The Films of the Nineties of a real-to-reel cultural analysis of the 1990s. Drawing on the theories of postmodern philosophers Jean Baudrillard and Jean-Francois Lyotard, this volume scrutinizes films and television shows such as Forrest Gump, Philadelphia, Titanic, Shrek, The Ellen DeGeneres Show, and The West Wing with an eye trained on implicit attitudes about notions of reality and objective truth. Through these readings, Palmer chronicles the concept of "spin," the power to turn history to one's own agenda, a concept that emerged as the major sociopolitical persuasion strategy of the decade. In a world changed by the AIDS epidemic, the Clinton Presidency, hip-hop, gay rights, and the redefinition of sexuality, the traditional conceptions of reality broke down and spin became a powerful force. The Films of the Nineties is an extensive analysis that dissects hundreds of individual works- but it is also a social, political, and sexual history of one of the most lively and complex decades of the twentieth century.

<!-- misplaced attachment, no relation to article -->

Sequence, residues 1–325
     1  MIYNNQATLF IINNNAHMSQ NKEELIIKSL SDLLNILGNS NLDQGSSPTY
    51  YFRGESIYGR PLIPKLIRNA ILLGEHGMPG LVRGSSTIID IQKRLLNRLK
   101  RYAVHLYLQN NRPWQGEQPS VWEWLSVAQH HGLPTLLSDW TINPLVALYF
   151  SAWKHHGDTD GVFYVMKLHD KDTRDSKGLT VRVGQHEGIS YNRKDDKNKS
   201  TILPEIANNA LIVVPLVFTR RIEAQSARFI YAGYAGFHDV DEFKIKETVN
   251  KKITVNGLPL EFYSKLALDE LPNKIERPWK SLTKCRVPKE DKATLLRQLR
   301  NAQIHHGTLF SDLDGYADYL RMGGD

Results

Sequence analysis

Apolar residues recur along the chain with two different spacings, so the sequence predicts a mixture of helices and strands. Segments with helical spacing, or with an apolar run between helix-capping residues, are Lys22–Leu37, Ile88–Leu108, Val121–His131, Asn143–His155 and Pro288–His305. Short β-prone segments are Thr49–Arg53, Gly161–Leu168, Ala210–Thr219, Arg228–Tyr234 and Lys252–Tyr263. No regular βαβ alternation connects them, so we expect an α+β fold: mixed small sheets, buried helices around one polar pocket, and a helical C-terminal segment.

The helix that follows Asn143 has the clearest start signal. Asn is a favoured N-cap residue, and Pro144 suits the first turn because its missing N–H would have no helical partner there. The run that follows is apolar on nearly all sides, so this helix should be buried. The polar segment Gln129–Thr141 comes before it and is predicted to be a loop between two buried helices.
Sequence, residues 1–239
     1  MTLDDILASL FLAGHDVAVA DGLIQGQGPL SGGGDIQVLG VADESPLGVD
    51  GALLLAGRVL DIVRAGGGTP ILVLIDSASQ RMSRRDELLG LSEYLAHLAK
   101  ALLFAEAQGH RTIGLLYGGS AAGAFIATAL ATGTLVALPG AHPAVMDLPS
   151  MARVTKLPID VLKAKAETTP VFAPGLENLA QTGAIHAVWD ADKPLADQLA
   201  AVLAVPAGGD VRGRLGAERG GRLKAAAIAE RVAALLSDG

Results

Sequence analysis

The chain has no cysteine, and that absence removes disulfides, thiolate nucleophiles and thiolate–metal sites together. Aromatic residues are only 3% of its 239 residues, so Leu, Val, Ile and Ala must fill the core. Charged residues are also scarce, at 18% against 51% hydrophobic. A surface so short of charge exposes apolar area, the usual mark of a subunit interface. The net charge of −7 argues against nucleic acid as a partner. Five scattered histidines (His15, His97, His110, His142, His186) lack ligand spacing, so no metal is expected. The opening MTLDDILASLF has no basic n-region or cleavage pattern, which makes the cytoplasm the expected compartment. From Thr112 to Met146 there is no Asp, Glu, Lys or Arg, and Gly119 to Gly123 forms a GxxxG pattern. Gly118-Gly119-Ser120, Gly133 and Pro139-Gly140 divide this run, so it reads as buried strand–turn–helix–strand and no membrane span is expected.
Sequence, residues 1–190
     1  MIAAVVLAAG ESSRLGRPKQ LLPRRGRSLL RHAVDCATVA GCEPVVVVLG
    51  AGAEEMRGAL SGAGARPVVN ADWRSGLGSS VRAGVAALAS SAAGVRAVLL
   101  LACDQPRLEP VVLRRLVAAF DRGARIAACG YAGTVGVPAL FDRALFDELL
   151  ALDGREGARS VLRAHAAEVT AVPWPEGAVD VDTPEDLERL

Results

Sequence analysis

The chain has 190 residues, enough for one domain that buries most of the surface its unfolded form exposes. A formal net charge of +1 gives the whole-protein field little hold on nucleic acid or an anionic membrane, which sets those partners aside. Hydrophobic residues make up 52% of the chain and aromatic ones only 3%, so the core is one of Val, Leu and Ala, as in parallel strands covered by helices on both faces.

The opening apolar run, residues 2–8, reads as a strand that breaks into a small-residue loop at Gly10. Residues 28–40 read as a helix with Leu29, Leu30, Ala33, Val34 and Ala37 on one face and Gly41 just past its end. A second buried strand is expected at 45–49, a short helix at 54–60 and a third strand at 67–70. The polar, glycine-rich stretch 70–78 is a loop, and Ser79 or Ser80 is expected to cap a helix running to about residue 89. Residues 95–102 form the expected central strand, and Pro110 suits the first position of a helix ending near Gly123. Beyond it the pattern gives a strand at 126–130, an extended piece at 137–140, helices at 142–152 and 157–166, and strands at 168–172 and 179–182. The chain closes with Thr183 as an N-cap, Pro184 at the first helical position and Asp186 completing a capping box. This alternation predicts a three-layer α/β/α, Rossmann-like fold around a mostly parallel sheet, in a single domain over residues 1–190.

|Publisher:||Palgrave Macmillan US|
|Edition description:||1st ed. 2009|
|Product dimensions:||5.51(w) x 8.50(h) x 0.02(d)|
About the Author
William J. Palmer is Professor of Literature and Film in the English Department at Purdue University.